today is day four of gluten-free living. on day two i caved at 8pm and took a bite of a chocolate chip cookie that bean brought home from work. last night i nibbled some of sprout's bean burrito on a flour tortilla. i know that if there really is a gluten sensitivity it will take 2-3 weeks for it to leave my system so i didn't feel like i was creating a major setback by cheating. in all honesty, bean burritos are mighty tasty on corn tortillas and there is still a lot that i love that i can still eat, even if soft, chewy breads, warm semolina pastas, and common bakery goods are off limits. even if there is no sensitivity, the pay-off will be weight loss. i tried this last month, too. i caved after day one but i realized something wonderful. limiting carbs decreased my cravings for sweets. big time! now i'm looking at being GF as a completely positive thing. i will no longer be tempted by fast food. i will no longer indulge with a big ol' cookie or scone when i order coffee or whatever at my favorite book store. i will be "forced" to make healthier snacking choices, if the word "forced" can be used in a positive way.

eventually i may re-introduce gluten-based stuff to my system in a more balanced way. instead of binging on wheaty carbs and sweets ALL the time, i can possibly eat them in moderation. this gives me hope, but i'm not clinging to it. this recent mental shift has allowed me to embrace GF living without feeling like i'm missing out. i want a peanut butter and jelly sandwich on whole grain bread like you wouldn't believe but the gluten-free bread i bought is a decent substitute if i toast it first. i'll live.

i haven't much written about exactly what is going on with my body, because, like i said, i don't even like the word. the details and specifics are also difficult to talk about openly but on a superficial level i think i have to come to terms (literally) and stop hiding from it. i am not my diagnosis but i don't for one second believe that i have to deal with it for the rest of my life, that nothing i do will change it for the better or worse, and that i just so happened to be afflicted by it for no reason whatsoever. i'm not all in touch with the philosophy that we consciously or unconsciously bring about every experience in our lives, but i believe it enough and it seems like western medicine contradicts more positive and inspiring philosophies. people have problems and doctors can prescribe pills and surgeries and more pills and every ailment under the sun can apparently be alleviated if we just ignore the side-effects because guess what? they have pills for those, too. i know, i know, it's long been noted that western medicine fails to look at the person and not the diagnosis. i'm no stranger to the "crazy conspiracy" that big pharma not only flourishes financially on the over-use of prescription medication but that it might serve a larger, more sinister purpose to keep most americans on some sort of drug (but ideally, multiple sorts of drugs) from anti-depressants, sleep aids, digestive aids, cholesterol and heart medications, etc., because then we can keep on being greedy, thoughtless consumers, living to work, and working to entertain ourselves through any number of unhealthy means. we can remain inactive and eat whatever we want as long as we take these 12 prescribed pills, so say our doctors.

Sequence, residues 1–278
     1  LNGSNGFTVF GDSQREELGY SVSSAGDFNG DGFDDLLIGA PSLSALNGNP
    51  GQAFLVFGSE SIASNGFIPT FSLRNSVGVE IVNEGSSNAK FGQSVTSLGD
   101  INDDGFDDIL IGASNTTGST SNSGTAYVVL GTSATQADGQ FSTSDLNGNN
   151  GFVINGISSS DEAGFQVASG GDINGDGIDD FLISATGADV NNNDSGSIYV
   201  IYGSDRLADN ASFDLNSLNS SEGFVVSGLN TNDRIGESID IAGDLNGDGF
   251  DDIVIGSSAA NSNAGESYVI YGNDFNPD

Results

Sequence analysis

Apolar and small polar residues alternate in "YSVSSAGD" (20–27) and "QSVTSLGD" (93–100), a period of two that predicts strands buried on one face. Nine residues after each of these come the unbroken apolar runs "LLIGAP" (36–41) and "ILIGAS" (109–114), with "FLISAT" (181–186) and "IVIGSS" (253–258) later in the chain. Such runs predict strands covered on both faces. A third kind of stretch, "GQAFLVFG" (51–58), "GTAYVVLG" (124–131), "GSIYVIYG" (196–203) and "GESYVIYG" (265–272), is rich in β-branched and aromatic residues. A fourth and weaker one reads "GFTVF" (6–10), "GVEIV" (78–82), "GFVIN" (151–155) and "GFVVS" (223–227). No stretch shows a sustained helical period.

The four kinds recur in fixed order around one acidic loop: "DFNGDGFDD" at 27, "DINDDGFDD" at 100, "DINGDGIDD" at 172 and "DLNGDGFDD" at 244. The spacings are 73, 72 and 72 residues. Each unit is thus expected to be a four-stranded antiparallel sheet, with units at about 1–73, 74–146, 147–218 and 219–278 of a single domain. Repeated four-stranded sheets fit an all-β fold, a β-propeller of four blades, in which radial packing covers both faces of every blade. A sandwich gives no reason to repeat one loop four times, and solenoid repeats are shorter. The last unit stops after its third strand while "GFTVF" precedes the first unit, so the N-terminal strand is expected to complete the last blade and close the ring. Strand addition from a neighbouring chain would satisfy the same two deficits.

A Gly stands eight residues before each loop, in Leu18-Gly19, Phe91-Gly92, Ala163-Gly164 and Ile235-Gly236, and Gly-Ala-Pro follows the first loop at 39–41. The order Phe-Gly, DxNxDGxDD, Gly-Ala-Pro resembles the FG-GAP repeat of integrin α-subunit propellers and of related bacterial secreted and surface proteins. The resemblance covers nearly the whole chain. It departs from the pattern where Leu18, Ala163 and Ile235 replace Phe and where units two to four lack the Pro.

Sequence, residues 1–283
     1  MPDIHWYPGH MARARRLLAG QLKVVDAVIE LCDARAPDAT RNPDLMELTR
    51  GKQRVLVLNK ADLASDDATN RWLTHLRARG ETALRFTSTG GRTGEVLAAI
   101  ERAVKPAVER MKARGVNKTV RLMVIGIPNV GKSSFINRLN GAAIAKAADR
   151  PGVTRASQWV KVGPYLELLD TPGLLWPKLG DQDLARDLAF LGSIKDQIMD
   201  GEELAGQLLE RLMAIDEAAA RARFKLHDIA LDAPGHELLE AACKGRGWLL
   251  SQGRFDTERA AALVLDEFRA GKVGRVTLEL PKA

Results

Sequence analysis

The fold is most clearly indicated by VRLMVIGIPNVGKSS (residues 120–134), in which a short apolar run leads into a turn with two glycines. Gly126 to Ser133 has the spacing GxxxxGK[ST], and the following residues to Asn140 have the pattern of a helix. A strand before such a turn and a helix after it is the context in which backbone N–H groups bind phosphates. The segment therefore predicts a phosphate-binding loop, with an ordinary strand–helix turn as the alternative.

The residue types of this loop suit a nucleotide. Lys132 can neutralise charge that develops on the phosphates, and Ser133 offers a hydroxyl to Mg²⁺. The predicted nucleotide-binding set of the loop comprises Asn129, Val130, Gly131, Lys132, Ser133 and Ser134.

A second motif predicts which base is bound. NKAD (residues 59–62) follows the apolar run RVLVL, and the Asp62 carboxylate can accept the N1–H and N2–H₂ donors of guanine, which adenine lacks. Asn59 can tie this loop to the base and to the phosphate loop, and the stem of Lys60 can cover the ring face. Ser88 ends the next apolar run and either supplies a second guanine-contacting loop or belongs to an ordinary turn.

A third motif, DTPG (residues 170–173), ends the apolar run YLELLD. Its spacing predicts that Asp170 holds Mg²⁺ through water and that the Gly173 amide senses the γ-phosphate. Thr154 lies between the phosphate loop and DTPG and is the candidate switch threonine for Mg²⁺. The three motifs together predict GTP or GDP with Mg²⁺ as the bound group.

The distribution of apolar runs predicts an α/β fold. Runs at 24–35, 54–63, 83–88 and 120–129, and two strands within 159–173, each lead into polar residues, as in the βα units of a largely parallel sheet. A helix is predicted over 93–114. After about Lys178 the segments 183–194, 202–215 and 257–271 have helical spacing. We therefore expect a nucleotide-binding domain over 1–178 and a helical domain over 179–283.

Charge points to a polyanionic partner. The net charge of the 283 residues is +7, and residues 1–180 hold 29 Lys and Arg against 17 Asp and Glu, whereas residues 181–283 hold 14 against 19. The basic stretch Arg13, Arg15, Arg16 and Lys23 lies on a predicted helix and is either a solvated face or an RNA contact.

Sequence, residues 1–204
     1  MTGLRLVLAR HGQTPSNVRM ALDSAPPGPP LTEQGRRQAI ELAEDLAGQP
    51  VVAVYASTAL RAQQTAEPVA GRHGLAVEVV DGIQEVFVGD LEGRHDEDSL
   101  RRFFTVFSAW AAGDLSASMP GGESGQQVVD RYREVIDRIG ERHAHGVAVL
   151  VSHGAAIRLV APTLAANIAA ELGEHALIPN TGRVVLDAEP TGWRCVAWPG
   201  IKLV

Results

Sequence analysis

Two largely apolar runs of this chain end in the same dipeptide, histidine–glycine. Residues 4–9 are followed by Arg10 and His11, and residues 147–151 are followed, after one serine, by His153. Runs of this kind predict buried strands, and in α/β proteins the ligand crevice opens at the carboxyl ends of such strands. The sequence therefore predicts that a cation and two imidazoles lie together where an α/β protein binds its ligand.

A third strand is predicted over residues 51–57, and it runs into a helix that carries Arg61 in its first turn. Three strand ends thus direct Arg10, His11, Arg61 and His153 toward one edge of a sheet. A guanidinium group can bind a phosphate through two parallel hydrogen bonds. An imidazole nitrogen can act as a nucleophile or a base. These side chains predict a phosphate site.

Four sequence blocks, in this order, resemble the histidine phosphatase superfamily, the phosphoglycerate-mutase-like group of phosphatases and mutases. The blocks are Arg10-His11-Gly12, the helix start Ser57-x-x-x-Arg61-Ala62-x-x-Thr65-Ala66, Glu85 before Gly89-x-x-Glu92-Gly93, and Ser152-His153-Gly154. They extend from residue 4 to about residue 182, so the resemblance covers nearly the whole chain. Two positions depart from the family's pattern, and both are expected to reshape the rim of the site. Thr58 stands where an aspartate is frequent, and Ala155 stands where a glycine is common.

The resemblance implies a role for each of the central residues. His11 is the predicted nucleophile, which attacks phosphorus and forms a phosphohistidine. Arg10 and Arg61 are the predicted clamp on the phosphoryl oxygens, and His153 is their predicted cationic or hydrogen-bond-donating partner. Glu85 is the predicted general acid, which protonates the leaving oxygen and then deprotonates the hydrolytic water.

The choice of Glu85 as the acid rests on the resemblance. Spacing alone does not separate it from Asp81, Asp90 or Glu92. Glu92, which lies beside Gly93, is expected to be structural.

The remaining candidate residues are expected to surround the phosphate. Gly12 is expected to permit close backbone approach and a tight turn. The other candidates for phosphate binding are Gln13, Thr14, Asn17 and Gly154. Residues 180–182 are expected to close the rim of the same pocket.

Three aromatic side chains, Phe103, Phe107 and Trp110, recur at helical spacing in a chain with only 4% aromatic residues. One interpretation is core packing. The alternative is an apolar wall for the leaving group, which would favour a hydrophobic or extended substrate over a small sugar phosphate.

i really did not sit down expecting to go here today. i was simply going to share some of my health changes because the last time i made huge changes in my diet i lost 30+ pounds. this is the start of another similar journey since i've gotten way off track and those pounds are creeping back.

this journey is unfolding as it will, but i'm ordering this book: your body believes every word you say, not only to deal with my ongoing digestive issues (see? there i go again. avoiding the word) but also to deal with the pain of an unbalanced pelvic region in a more gentle and forgiving way. one of my facebook friends recently posted something about the golden rule. well, not specifically, but that's how i interpreted it. what it boils down to is how simple it is to say that we want to treat others the way we want to be treated. in reality, it's easier said than done, but even if we execute it perfectly, do we treat ourselves with the same kindness? when i'm in pain or my body isn't working like i think it should, i curse it. i call it names. i'm not very nice to myself. not gentle or forgiving at all. i'm not angry with myself, either, but you'd think so by the way i sometimes verbally and silently respond.

in addition to changing what i put into my body, i'm also changing my outlook and self-inflicted negativities. this has already involved some exploration of the attitudes and beliefs passed on to me since childhood and it's going to be an exciting journey. i can feel it!


  1. Beautiful.. Only place to go from here is: GROWTH! It is amazing when a womyn shifts her perspective (on basically anything self-centric), it is magical what happens from that seed. KUDOS!

  2. I can relate - it took me several years of denial and procrastination to get active about my own gut health. I too test negative for celiac but I'm clearly gluten-intolerant. One change I've made that has helped heal my gut has been to have bone broth frequently - I can't do it all the time, but having it on an empty stomach as breakfast for a few weeks at a time really helps. It is so healing to the gut lining. I can eat wheat foods once a week or so now, as long as I don't overdo it. I wish you success in your healing and congrats on your new mindset too, I know it's hard to achieve!